Combatting illicit money exchange inside and around casinos in Macau will be a priority for the city’s police forces this year, said Secretary for Security Wong Sio Chak (pictured) in a Monday press briefing. The official said additionally that the police had “cracked down” in an effective manner on gaming-related crimes during the first quarter 2018.
The police were aware of the “security risk” related to the touting of illicit money changing services at some of the city’s casino resorts, Mr Wong told reporters. To combat such activities, the police had already this year conducted a total of 12 operations during the first quarter, he added.
More than 280 people had been questioned by Macau police during an “anti-crime” operation in and around the city’s Cotai casinos from May 4 to 16, security officials disclosed at Monday’s news conference. About 226 people had been identified as allegedly involved in illicit money exchange services, according to local media reports.
The police will beef up the monitoring of such activity, and will strengthen communication with Macau’s gaming companies and hotels, Mr Wong said at Monday’s briefing.
During the update, Mr Wong also said that the city’s police had broken up several loan-sharking groups during the first three months of 2018. The official stated that his department had been “effective” in combatting gaming-related crimes, preventing them from “spreading to the local community”.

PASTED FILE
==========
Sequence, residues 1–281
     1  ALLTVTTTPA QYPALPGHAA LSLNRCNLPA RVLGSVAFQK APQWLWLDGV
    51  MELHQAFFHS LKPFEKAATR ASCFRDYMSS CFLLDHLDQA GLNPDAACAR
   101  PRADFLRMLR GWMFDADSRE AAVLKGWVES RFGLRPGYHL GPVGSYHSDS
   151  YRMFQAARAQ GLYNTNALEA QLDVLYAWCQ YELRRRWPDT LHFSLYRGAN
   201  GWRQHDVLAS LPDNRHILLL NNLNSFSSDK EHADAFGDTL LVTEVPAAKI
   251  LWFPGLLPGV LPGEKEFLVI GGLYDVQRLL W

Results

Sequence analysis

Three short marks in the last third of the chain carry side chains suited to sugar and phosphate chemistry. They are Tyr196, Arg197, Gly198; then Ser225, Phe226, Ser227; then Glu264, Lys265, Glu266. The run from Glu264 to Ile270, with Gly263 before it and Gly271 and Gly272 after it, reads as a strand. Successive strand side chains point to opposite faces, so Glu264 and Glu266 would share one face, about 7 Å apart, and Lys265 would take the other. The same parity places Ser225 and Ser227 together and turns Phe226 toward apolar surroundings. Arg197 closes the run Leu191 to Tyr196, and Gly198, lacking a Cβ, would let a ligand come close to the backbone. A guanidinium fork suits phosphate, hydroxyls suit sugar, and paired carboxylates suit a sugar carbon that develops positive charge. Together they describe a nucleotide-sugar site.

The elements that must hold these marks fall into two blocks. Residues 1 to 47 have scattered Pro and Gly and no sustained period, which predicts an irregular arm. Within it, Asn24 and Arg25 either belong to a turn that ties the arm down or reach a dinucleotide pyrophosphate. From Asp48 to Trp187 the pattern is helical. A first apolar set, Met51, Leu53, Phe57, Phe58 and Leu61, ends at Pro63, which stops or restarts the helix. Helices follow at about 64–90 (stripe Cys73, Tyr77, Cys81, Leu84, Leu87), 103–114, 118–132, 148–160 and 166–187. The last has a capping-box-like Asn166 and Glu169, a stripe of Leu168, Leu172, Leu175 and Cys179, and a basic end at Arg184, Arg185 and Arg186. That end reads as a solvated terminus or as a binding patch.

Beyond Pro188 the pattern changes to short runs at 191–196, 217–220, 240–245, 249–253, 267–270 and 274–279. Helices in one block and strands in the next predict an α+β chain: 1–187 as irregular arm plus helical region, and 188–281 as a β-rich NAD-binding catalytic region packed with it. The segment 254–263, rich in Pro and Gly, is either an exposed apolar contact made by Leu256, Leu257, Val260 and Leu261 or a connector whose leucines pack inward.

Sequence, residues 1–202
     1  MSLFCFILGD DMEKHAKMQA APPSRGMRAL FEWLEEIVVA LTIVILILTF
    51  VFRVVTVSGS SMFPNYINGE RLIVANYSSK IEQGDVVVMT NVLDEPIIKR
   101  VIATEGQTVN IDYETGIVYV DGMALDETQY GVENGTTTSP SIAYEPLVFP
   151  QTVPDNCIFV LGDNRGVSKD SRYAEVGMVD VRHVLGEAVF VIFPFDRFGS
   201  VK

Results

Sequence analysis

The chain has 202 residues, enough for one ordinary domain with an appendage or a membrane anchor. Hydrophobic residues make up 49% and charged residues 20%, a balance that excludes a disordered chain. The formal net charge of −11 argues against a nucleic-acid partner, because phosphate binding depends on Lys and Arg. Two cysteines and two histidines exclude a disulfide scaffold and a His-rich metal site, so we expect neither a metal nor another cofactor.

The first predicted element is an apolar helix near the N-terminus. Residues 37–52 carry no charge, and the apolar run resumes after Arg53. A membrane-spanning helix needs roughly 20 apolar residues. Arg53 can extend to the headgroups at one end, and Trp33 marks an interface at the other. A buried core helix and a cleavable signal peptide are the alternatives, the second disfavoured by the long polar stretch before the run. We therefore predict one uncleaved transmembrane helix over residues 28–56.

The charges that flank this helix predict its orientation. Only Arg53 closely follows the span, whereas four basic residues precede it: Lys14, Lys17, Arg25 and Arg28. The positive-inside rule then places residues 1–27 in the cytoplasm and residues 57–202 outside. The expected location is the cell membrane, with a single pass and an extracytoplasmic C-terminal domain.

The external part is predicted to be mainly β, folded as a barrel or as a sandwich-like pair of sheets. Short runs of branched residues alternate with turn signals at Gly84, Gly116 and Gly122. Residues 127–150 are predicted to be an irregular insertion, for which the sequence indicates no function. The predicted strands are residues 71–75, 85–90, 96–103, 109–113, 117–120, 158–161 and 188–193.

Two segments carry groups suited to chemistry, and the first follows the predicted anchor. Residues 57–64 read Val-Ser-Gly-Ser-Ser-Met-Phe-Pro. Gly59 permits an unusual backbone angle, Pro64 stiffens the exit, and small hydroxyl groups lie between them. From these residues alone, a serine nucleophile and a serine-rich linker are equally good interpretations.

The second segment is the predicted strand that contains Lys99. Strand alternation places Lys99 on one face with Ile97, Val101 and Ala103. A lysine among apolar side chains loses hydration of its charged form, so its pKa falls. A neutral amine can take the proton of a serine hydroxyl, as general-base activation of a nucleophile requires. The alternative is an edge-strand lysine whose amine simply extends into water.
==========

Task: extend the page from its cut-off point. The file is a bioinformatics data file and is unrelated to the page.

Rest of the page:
The Macau authorities label cases as gaming-related when they take place inside a casino or its surroundings.
In the three months to March 31, a total of 59 cases of gaming-related suspected unlawful detention were recorded, down 43.8 percent compared with the prior-year period. Such cases are typically associated in Macau with loan-sharking connected to gambling.
Gaming-related cases of suspected usury – unlawful lending of money, more commonly known as loan-sharking – rose by 15.9 percent year-on-year in the first quarter of 2018, to 102, the police data showed.
During the first quarter, the city’s Judiciary Police recorded a total of 384 suspected gaming-related crime cases, down 9.4 percent from a year earlier.
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”I would expect that there might be some clearly-defined criteria … and I’m supportive of a more clearly-defined roadmap for the [gaming] industry”
Co-chairperson and executive director of Macau casino operator MGM China